After a tedious sail, which, by our following variousturnings of the coast of Mull, was extended to about forty miles, it gave us nosmall pleasure to perceive a light in the village of Icolmkill, in which almostall the inhabitants of the island live, close to where the ancient buildingstood. As we approached the shore, the tower of the cathedral, just discernablein the air, was a picturesque object.
When we had landed upon the sacred place, which, as long asI can remember, I had thought on with veneration, Dr Johnson and I cordiallyembraced. We had long talked of visiting Icolmkill; and, from the lateness ofthe season, were at times very doubtful whether we should be able to effect ourpurpose. To have seen it, even alone, would have given me great satisfaction;but the venerable scene was rendered much more pleasing by the company of mygreat and pious friend, who was no less affected by it than I was; and who hasdescribed the impressions it should make on the mind, with such strength ofthought, and energy of language, that I shall quote his words, as conveying myown sensations much more forcibly than I am capable of doing:
We are now treading that illustrious island, which was oncethe luminary of the Caledonian regions, whence savage clans and rovingbarbarians derived the benefits of knowledge, and the blessings of religion. Toabstract the mind from all local emotion would be impossible, if it wereendeavoured, and would be foolish if it were possible. Whatever withdraws usfrom the power of our senses, whatever makes the past, the distant, or thefuture, predominate over the present, advances us in the dignity of thinkingbeings. Far from me, and from my friends, be such frigid philosophy as mayconduct us indifferent and unmoved over any ground which has been dignified bywisdom, bravery or virtue. That man is little to be envied, whose patriotismwould not gain force upon the plain of Marathon, or whose piety would not growwarmer among the ruins of Iona!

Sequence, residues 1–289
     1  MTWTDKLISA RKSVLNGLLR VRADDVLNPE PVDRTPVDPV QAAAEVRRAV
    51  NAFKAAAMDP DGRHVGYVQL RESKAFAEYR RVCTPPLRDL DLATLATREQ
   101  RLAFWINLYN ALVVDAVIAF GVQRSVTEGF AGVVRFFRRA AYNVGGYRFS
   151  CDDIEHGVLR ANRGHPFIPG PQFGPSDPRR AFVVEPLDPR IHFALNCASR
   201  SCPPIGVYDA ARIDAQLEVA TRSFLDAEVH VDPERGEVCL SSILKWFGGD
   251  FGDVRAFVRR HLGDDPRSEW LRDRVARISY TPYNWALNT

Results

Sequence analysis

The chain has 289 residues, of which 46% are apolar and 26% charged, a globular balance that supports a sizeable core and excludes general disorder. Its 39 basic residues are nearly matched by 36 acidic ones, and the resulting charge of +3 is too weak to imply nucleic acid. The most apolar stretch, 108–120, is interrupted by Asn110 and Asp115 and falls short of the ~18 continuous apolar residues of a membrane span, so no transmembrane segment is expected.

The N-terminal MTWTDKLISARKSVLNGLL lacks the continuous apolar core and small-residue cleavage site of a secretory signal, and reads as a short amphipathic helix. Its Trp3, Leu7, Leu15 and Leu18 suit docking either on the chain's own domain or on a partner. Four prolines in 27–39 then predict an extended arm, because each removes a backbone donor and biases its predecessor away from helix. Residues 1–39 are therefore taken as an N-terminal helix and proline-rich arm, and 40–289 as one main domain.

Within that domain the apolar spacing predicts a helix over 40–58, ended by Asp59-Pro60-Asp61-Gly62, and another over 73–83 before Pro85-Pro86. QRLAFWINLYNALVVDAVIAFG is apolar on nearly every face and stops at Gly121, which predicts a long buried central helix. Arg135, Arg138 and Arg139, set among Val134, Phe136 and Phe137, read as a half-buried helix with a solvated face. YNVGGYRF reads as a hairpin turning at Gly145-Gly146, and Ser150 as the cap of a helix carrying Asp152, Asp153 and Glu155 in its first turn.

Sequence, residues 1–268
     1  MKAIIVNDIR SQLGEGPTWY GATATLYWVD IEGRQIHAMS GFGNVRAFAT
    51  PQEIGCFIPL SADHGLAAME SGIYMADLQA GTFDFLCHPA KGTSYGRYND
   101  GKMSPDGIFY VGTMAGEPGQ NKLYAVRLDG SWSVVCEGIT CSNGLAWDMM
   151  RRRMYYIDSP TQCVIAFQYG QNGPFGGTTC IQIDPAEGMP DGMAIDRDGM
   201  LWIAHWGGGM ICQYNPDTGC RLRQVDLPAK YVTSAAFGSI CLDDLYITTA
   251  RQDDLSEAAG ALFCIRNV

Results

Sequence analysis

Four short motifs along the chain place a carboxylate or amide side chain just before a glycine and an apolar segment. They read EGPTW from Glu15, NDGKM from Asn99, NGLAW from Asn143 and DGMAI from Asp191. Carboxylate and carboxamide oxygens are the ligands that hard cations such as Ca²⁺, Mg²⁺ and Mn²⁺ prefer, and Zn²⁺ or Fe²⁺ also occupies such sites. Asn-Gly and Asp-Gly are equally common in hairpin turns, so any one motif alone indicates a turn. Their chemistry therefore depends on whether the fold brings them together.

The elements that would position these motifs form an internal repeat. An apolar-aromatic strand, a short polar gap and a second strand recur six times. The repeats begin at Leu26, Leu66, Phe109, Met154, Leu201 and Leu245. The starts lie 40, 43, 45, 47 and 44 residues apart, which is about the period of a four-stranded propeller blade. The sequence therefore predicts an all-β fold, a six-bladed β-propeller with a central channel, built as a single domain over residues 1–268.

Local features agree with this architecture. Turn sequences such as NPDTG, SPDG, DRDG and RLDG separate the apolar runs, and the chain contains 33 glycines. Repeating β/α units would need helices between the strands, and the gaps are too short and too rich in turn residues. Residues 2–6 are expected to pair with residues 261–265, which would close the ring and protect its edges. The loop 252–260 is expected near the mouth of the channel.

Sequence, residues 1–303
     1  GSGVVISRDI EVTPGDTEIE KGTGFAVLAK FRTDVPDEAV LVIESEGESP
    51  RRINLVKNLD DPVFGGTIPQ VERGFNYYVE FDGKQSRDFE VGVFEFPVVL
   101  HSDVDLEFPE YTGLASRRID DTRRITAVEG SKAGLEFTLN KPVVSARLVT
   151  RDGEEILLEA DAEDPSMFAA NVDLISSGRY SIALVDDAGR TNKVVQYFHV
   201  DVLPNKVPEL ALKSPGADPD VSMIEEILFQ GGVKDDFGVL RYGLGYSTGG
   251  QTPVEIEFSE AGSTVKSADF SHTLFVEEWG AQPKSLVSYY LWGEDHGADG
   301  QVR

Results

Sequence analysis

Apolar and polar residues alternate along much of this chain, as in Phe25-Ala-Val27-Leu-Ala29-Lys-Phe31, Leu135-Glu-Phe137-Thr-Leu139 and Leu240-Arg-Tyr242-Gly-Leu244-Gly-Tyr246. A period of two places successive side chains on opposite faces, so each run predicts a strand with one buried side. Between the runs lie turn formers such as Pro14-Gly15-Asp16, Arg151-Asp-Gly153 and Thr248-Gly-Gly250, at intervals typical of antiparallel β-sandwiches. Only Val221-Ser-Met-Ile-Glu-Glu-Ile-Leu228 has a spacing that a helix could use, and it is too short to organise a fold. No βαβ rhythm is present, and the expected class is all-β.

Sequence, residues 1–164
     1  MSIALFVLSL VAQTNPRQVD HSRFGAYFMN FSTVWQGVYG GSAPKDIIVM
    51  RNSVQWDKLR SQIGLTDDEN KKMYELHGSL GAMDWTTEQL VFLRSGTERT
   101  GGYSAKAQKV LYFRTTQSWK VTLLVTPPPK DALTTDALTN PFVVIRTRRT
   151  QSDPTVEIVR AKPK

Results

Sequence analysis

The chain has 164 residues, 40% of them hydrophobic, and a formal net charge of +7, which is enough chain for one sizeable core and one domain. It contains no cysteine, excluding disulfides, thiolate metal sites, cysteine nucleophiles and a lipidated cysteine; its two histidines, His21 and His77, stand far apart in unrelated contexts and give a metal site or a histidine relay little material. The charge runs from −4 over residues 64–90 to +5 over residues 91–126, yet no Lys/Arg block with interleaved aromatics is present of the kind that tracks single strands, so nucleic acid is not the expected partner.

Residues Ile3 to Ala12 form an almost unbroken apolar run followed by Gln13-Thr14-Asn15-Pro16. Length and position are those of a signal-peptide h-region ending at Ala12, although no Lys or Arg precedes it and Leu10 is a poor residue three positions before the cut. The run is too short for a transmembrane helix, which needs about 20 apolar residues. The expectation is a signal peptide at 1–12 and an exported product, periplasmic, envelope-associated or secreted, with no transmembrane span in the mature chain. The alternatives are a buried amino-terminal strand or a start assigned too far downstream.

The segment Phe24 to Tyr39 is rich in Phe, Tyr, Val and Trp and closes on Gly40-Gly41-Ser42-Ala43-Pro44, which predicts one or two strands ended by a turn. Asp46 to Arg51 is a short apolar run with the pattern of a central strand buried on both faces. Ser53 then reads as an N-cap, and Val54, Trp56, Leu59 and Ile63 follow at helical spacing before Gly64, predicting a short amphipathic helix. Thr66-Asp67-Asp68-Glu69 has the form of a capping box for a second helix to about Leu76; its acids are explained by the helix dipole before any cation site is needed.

[Had our tour produced nothing else but this sublimepassage, the world must have acknowledged that it was not made in vain. Thepresent respectable President of the Royal Society was so much struck on readingit, that he clasped his hands together, and remained for some time in anattitude of silent admiration.]